Newspaper article The Record (Bergen County, NJ)

Jets Fans Adapt on the Fly to New Stadium Security Rules

Newspaper article The Record (Bergen County, NJ)

Jets Fans Adapt on the Fly to New Stadium Security Rules

Article excerpt

Tens of thousands of Jets fans surrendered their purses and backpacks to a new reality on Saturday as just-implemented security rules forced many to put their wallets, lipsticks and deli sandwiches on display for all to see.

In place of long lines of fans waiting to have their bags searched at MetLife Stadium before Saturday's preseason game, there was a new perimeter of stadium staff alerting fans that many of their carry-alls could no longer be carried inside.

Few questioned the need for the security measure, a new National Football League policy adopted in May for all games as a response to the backpack-carried bombs that detonated at the Boston Marathon on April 15, killing three people.

But many people -- especially the well-stocked tailgating crowd - - said the new bagless or clear-plastic-bag lifestyles would take some getting used to.

"Do you like my new purse?" Tamika Santiago of Clifton joked as she held up the clear free bag provided to her at the parking lot entrance. "It's Plastique Vuitton." Santiago said that, for future games, she would probably have to invest in a see-through bag that offers more amenities -- "like a zipper."

The new rules allow patrons of all MetLife events to carry in only small clutch purses or clear plastic, or vinyl bags with dimensions that do not exceed 12 inches by 6 inches by 12 inches. Prohibited items also include coolers, briefcases, backpacks, fanny packs, cinch bags, luggage of any kind, seat cushions, computer bags and camera bags.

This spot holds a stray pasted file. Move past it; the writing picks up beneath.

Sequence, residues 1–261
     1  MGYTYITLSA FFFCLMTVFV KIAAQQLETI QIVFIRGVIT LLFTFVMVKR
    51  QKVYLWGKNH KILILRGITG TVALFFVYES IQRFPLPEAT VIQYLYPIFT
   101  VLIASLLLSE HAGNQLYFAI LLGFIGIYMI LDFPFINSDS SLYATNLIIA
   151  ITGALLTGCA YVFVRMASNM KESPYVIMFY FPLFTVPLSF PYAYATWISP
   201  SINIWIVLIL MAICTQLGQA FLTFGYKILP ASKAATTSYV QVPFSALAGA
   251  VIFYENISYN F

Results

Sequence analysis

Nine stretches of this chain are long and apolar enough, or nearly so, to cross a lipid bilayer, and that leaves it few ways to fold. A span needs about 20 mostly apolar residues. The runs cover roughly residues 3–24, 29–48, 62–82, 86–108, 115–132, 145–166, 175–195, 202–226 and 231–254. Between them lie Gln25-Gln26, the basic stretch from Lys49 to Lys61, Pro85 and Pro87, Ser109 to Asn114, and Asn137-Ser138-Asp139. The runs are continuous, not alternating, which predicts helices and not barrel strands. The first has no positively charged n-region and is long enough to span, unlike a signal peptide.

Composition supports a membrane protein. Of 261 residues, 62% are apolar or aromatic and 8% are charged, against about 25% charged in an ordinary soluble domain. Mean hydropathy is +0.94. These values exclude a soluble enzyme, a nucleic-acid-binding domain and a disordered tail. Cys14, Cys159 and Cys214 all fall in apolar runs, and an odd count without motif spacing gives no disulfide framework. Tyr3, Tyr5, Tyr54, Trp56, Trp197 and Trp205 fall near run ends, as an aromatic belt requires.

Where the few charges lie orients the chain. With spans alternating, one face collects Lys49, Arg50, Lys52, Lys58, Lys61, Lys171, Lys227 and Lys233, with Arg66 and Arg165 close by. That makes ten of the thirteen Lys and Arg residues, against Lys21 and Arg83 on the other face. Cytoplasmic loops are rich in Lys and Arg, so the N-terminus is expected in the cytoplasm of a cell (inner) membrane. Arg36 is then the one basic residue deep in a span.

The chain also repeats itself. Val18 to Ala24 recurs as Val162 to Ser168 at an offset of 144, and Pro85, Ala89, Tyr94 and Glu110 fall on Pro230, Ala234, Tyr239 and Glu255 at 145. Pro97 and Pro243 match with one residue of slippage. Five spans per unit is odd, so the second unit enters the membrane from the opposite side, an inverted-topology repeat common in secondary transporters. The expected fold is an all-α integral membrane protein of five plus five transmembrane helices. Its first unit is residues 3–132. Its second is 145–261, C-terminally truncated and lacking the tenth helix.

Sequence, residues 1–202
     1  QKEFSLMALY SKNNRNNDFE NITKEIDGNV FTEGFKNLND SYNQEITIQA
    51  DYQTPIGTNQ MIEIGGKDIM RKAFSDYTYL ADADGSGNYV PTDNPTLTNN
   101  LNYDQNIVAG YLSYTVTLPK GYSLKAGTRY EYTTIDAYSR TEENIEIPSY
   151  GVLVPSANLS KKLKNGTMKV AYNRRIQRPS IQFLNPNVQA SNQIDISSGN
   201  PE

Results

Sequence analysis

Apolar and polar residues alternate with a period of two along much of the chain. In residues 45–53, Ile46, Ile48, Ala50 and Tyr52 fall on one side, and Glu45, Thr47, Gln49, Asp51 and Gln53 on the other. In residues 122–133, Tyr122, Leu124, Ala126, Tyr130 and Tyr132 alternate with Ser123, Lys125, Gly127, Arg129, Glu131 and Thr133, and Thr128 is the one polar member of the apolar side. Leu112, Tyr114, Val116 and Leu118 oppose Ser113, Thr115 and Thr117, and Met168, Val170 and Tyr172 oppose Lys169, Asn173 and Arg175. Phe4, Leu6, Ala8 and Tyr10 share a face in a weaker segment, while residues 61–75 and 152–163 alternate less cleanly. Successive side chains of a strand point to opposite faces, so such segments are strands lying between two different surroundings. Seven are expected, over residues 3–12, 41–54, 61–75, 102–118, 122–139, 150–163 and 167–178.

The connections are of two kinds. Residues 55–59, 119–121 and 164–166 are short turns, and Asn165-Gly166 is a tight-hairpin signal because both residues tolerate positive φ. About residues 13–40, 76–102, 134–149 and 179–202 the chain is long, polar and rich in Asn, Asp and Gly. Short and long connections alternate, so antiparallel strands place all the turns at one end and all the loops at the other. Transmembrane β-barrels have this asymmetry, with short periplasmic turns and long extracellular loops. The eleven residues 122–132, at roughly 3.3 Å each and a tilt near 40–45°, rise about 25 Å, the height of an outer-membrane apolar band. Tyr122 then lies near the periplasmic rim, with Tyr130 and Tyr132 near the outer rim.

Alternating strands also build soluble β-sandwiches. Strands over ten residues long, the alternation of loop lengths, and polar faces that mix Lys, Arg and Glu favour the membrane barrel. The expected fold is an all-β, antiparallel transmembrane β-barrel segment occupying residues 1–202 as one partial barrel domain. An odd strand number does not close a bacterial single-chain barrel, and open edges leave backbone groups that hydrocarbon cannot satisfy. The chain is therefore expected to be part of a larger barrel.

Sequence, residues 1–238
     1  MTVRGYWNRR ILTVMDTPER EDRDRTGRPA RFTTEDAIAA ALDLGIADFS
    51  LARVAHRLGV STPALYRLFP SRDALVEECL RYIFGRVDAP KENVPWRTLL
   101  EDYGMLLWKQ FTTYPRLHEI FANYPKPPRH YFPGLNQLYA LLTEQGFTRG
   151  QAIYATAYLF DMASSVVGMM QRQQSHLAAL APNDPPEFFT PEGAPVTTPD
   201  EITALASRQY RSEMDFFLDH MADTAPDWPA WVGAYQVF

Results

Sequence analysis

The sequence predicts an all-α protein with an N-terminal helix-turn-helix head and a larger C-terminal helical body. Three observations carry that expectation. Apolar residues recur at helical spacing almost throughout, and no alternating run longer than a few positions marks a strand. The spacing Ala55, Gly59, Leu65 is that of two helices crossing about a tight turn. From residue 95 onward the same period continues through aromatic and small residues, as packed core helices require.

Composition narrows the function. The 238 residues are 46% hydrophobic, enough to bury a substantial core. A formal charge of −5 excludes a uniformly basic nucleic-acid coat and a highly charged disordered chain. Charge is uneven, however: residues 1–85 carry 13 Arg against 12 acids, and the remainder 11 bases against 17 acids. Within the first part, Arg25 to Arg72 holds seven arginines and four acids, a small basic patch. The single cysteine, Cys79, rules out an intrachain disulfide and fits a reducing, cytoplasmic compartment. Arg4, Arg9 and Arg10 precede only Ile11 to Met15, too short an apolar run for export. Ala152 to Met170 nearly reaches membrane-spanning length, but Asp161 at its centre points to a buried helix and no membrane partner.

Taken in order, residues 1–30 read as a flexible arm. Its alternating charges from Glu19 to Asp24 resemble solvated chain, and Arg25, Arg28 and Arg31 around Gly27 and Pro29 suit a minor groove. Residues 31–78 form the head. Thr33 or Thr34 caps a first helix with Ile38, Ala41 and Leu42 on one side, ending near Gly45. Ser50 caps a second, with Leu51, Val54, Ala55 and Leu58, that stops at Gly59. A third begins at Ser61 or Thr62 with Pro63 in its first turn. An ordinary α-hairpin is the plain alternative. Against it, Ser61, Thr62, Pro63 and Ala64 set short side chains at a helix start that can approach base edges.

Additional security was employed on Saturday to staff a two- layer entrance perimeter. Fans first arrived at tables that contained an orange-painted 4 1/2-by-6 1/2-inch rectangle that security personnel used to measure small purses and wallets.

Some carrying anything larger -- or anything opaque -- made the long walk back to their cars. Others, trading uncomfortable glances, put the most valuable of their items into a plastic bag and handed their sturdier containers over to one of the "bag exchange" trailers posted at every gate.

Brad Mayne, president and chief executive of the stadium, said that while some fans questioned the reasons for the new policy, there were no altercations with patrons who refused to comply. …

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